Children. They’re Terrifying! Empire Cinemas looks at the Scariest Children in Film…
Poltergeist gets reimagined by Sam Raimi on 22nd May, a story that starts with a child who senses the ghosts through the TV as they enter the house. Children have a lot to answer for when it comes to horror, and there are some pretty scary ones that have made us think twice about trusting those innocent little faces…
The 1982 Poltergeist introduced us to Carol, a child who seems to attract demons – an interior design nightmare. Spielberg’s surprising film delves into the other side. What will Sam Raimi do with his version?
Ah puberty, a time which puts the heebie jeebies up even the most resilient of teenagers. No wonder the corridors of high school made Carrie crack, yet it is a thrilling revenge for anyone who’s ever been a victim of bullying.
The Addams Family
Wednesday Addams puts her hat in the ring when dressed normally at a fancy dress party when she declares “I’m a homicidal maniac – they look just like everyone else.” A delicious debut for Christina Ricci in classic goody goody pigtails (perhaps influenced by another evil child Rhoda Penmark in 1956’s The Bad Seed).
It’s a fun winter for a kid to be locked up with his stir-crazy father and high-pitched mother at a hotel closed for the winter. However rather than find kid Danny’s telepathy unnerving, the kids that put the heebie jeebies up you are the Grady twins, seen by Danny side by side in a hotel corridor. Pioneering work with a Steadicam allows us to follow Danny as he trundles on his scooter around the hotel to find them. “Come and play with us Danny.” Personally, i’m rather a fan of the trailer above, which cuts it into a far less scary romantic comedy! 😀
The Sixth Sense
The second highest grossing film of 1999 held twists and turns all the way following Haley Joe Osmond and Bruce Willis dealing with the boy’s problem – “I see dead people”. A young Mischa Barton (The O.C.) appears as ghost Kyra as Osmond tries to face his terrifying talent.
A film that really challenged the zeitgeist on release, with Linda Blair creating an astounding performance of a child possessed by a demon. William Friedkin’s challenging direction style often resulted in genuine screams and injuries for the actors. Famously the set of Regan’s bedroom was refrigerated to create the actor’s clouds of breath.
Hollywood’s version of The Ring was a remake of the equally terrifying Japanese version. Naomi Watt’s follows the story around a death curse left by a video tape. The tape sees a series of disturbing images including a girl climbing out of the well. The viewer is hit by a death curse and the finale sees her walk towards the camera and climb eerily out of the TV to claim her final victim. The eerie walking towards the camera was created by filming the actress walking backwards towards the well and playing it in reverse.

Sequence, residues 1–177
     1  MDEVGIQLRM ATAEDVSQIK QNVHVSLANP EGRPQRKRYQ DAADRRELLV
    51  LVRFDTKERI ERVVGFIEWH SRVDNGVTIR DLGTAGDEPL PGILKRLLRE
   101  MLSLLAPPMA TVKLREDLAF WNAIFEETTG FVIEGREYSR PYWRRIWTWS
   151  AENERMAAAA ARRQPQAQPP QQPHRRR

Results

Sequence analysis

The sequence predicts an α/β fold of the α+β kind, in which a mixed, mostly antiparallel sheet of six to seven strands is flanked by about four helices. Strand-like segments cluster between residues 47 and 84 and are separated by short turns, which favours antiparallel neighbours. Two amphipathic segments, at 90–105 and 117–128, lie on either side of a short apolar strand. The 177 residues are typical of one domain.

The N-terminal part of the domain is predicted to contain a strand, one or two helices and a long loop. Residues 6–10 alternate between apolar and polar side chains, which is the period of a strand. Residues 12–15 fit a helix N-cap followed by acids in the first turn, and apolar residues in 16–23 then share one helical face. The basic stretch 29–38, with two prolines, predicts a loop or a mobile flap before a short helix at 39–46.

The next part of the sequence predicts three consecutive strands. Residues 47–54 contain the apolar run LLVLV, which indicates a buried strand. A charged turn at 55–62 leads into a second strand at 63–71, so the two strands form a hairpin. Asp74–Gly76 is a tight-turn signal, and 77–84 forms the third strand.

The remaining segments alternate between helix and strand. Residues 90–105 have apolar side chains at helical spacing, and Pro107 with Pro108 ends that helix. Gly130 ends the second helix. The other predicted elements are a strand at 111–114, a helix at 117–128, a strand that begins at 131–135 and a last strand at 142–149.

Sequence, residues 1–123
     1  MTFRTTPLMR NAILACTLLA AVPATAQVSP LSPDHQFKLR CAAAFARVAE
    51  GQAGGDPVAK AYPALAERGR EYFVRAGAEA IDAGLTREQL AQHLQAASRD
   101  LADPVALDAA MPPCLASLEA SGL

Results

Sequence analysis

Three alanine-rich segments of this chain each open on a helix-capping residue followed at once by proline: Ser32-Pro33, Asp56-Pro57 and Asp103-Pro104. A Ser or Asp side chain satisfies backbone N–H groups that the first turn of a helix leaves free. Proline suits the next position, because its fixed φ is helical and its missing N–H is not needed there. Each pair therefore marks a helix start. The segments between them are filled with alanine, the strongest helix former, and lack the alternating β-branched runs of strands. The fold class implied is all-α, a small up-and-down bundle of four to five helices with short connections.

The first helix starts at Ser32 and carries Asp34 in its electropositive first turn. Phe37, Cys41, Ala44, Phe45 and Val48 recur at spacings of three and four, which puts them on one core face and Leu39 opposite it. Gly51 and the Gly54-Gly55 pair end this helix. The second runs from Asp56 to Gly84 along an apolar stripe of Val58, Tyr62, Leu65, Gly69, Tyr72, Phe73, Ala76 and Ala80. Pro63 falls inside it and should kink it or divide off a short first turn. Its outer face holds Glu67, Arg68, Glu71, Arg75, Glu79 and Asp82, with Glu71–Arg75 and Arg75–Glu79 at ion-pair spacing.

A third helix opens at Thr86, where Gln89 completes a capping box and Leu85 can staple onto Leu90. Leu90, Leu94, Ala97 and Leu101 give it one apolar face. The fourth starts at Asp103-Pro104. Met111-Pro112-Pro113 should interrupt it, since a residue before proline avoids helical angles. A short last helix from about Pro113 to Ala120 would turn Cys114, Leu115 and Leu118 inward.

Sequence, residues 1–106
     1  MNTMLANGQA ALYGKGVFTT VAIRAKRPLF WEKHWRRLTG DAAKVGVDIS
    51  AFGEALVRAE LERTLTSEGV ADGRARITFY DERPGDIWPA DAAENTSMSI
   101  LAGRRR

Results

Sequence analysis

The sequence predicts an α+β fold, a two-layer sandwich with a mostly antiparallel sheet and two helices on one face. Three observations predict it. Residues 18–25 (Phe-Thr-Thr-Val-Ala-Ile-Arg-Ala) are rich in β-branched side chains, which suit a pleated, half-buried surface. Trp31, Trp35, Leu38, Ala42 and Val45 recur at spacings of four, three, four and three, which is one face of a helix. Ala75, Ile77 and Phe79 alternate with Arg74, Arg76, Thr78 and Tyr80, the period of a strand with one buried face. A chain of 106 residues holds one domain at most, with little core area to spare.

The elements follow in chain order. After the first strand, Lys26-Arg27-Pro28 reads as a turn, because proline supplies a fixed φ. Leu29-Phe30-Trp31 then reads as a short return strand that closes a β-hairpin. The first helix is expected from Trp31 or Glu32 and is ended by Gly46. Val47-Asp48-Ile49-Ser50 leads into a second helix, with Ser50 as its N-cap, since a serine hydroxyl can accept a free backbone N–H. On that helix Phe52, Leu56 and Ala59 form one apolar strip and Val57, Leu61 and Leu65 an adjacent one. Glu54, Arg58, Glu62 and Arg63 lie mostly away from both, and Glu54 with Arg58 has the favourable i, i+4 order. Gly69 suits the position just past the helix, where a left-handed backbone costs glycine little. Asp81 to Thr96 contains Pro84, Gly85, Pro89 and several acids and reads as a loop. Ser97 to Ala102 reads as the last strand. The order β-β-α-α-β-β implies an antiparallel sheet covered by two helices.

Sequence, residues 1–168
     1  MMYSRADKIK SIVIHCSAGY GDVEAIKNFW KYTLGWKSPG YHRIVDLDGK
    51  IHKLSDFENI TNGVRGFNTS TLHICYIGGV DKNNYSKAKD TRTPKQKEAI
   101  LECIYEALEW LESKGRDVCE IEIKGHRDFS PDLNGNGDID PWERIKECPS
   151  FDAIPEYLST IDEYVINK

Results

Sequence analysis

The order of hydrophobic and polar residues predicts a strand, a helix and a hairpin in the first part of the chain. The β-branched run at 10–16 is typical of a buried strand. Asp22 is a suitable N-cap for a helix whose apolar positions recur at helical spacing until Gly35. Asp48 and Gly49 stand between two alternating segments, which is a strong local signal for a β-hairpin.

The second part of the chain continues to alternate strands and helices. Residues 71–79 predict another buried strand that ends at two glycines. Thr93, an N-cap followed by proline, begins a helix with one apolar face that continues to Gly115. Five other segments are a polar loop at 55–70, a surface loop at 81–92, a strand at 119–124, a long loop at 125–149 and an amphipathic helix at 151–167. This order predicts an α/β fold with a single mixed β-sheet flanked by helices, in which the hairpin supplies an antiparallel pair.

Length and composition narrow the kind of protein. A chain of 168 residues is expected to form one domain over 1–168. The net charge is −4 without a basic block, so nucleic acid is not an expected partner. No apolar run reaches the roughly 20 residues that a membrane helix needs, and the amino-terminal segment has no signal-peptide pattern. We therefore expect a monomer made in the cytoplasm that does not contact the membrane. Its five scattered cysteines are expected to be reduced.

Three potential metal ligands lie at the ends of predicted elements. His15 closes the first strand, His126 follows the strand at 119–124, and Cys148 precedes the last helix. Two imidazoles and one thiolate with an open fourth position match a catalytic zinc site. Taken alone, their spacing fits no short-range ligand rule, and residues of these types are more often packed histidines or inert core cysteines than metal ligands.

The Exorcist led to a resurgence of horror in the ‘seventies, none more devilish than The Omen. Carefully, one of director Richard Donner’s requests was that nothing hugely supernatural was in the movie so there would always be doubt about the narrative and if Gregory Peck’s character Thorn was losing his mind about his son being the devil. The film’s success led to TV director Richard Donner making Superman two years later.
The Village of the Damned
A cracking English film where a village of Aryan children threatens our very existence! George Sanders leads the attempt to fight the control the alien controlled white-eyed children who are trying to exert over the globe. It was even released in 3D.
Yes that is spelt correctly – a film so traumatic, it even effected the spelling! After young Gage gets killed by a truck, his grief stricken father buries him in the Pet Sematary despite warnings otherwise.
A back-to-life Gage becomes a homicidal zombie on a killing spree with only his father to stop him. Miko Hughes, the actor playing the terrifying little boy zombie went on to appear in Kindergarten Cop, Apollo 13, Mercury Rising, and has also got into directing horror himself…
To book tickets for Poltergeist visit http://www.empirecinemas.co.uk/synopsis/poltergeist/f4527
For further ticketing information visit www.EmpireCinemas.co.uk or call 08714 714 714.